• WARNING: Tube/Valve amplifiers use potentially LETHAL HIGH VOLTAGES.
    Building, troubleshooting and testing of these amplifiers should only be
    performed by someone who is thoroughly familiar with
    the safety precautions around high voltages.

The biggest bunch of tubes ever seen

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To me this sounds pretty fishy to a point. The Richardson tube storage warehouse is not in Wisconsin, It is in downtown Geneva Illinois STILL in the original Cetron Building .

Richardsons Plant (Founding Headquarters) is just up the road from my house in LaFox Illinois. They are a rock solid international company. I find it hard to beleive an asset recovery company could have latched onto a Multibillion dollar a year companies inventory.

Be Hey, who knows.

BTW, Richardson Is Still in the tube business as a supplier and manufacture.

House Of Tubes


sorting through a couple hundred pallets of tubes would take at least a man-year

Even longer if the "agents" hired to move them from the original location decide to dump them all randomly into 2' X 2' X 2' boxes.

About 5 years ago A friend in the surplus business called me and said that if I helped him unload and warehouse two semi loads of stuff, I could have all of the tubes for free. There are about 100,000 tubes and I have still not seen them all! I have come to believe that the "audio tubes" were all picked out of the lot a long time ago. I also now realize that about 90000 of these tubes will never be even remotely useful in audio work. I am still testing some of the unusual tubes that I have in large quantity for usefulness in audio. I have about 1000 5670's, they make good LTP splitters. The jury is still out on the 6AK5's and some of the other little guys. Some of the "useless TV tubes" are quite useful, but 1B3's and their relatives are not much fun.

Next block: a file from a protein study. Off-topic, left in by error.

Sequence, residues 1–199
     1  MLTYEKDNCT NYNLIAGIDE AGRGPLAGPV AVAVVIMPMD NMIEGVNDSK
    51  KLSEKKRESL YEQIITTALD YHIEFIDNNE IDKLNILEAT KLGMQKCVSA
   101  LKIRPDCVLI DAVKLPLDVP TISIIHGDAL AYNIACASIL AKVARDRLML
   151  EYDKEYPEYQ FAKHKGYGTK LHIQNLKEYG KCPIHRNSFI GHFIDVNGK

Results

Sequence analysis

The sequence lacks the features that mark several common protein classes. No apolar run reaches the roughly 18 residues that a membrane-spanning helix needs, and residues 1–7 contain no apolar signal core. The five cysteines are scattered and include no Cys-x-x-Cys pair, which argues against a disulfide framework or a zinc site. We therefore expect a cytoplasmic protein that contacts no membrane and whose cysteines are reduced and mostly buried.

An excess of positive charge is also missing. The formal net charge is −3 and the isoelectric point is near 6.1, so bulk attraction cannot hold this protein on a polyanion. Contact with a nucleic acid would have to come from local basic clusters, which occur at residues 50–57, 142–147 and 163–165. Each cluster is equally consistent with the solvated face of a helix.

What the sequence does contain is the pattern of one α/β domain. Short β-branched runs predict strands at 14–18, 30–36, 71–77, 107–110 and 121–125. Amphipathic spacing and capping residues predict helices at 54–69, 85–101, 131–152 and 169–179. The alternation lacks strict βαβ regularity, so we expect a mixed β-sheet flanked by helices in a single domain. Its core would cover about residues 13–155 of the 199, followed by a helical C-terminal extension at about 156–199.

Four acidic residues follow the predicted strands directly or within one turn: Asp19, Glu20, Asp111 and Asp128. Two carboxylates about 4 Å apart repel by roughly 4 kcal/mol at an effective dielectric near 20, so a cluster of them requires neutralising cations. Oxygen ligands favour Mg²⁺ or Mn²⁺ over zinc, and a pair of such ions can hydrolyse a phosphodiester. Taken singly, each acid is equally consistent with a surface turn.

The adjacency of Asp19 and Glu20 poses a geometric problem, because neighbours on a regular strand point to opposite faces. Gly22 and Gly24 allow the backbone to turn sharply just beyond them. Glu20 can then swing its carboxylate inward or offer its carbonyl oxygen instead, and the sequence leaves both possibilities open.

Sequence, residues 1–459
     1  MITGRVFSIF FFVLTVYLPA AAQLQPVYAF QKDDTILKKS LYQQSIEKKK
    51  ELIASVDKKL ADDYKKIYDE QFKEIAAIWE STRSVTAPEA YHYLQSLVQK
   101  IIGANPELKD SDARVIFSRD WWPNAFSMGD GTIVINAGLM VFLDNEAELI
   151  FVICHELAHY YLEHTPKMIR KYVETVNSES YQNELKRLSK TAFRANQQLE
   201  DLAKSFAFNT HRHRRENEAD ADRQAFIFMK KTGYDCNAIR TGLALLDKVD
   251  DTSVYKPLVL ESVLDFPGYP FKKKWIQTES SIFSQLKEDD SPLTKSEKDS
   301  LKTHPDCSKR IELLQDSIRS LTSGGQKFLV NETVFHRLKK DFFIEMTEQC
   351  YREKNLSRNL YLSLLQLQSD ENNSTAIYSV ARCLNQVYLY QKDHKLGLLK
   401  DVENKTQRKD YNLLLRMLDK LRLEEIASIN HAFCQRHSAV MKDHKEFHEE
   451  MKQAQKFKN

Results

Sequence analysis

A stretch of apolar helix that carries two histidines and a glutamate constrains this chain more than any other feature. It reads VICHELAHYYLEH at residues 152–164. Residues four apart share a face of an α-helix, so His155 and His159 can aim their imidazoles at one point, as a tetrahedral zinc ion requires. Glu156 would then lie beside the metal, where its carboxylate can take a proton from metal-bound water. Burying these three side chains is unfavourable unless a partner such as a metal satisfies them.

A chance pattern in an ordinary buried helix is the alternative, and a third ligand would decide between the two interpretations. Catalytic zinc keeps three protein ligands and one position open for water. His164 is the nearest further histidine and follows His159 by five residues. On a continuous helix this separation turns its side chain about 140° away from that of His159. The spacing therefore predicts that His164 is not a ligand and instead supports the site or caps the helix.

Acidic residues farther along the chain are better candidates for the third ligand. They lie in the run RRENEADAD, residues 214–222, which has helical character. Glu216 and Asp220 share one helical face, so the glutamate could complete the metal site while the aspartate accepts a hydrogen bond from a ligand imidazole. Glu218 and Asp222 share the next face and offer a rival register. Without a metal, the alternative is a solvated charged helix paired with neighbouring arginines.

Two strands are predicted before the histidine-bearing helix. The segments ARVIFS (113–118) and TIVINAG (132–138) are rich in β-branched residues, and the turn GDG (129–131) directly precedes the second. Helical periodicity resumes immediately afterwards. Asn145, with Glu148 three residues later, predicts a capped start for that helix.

I have a zillion 6AL5's, 2D21's and a bunch of larger thyratrons, and HV rectifiers. I have come to realize that I have been paying about $2000 a year in warehouse rent to keep these around for the last 5 years, and it is not worth it. I will start listing some of this stuff on Ebay next year, and what doesn't get sold ( or given away) will wind up in the dumpster.

Examine any large lot before buying into it, and think about what you are going to do with all of them!


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You know, If you think about it a bit, $8.00 per tube is hardly a deal.
Then as mentioned above, subtract the useless stuff which is most likely 90% and that price jumps big time.

If you look closely at the pictures, It looks to me like there are a lot of Cathode Ray Picture Tubes!

14" Monitor tube In the picture below.

If that whole pile along that wall is monitor tubes, it could be expensive to dispose of them properly. Not exactly an environmentally friendly item.

The Broker is clearly asking far to much for an undocumented and very potentially low value lot.

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